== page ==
Thankfully, Cincinnati Children's has been doing wonderful things to expand support for siblings, giving them ways to talk about their fears, to work through their guilt with others in similar situations, and to look forward to positive ways they can interact with the world given their unique life story. Here is an article that Yasmeen wrote about her sister that was published in a Cincinnati Children's publication!
I understand that most of you who are reading this are not in Cincinnati or even in the Midwest, but if you're looking for a wonderful place to give, consider this hospital. If you feel inclined to give but want to do so locally, then search your local hospital and get to it. There are kids out there who need treatment, parents who need a friend, and siblings who need full programs to help them work through their grief.
While you're here, check out their fun Reverie Sessions below! These girls all knew exactly what they wanted, from their hair styles to the mood to the animals they wanted to hang out with. It is a true joy to be able to make dreams come true for whoever I possibly can, but especially for those who I know could use an escape from an otherwise very adult level childhood.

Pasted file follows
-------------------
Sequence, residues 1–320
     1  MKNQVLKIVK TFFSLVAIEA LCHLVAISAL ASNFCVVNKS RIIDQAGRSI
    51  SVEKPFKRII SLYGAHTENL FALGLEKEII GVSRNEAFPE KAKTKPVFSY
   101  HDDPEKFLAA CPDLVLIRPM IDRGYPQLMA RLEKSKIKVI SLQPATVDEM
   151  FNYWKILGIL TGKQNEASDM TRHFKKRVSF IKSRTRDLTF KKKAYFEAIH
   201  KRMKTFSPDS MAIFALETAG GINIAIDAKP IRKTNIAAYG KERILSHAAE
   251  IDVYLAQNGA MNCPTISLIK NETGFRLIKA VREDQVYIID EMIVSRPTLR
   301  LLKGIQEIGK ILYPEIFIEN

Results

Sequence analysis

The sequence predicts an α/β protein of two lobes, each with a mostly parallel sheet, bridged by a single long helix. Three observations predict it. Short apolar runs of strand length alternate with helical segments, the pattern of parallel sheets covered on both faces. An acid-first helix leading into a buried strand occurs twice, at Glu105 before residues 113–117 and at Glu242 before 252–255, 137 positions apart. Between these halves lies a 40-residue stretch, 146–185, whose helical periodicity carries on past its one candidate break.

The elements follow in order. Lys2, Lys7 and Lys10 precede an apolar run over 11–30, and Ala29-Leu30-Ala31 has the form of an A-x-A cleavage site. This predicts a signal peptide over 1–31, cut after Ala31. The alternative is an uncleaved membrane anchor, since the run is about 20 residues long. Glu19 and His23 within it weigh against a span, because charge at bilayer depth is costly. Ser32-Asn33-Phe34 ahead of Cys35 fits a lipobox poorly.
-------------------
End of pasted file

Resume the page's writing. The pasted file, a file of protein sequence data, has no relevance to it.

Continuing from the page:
Soraya was all about an Arabian princess and she showed up knowing exactly what she wanted to do on her magic carpet! Perfectly teal outfit and a sassy little hip shake later and Soraya looks like royalty in her magical world. Great work, Soraya!
Leena fell in love with another Reverie image I had create for another little girl named Lake, so it was important that I created nearly the same image for Leena and that's exactly what I did! Leena was easy to work with and took direction better than most adults I've worked with - awesome job! Her dolphin friend is named Ayla and they seem to be enjoying their daily fun in their underwater world. They're joined by a couple extra seagulls in the distance, maybe they're friends, too?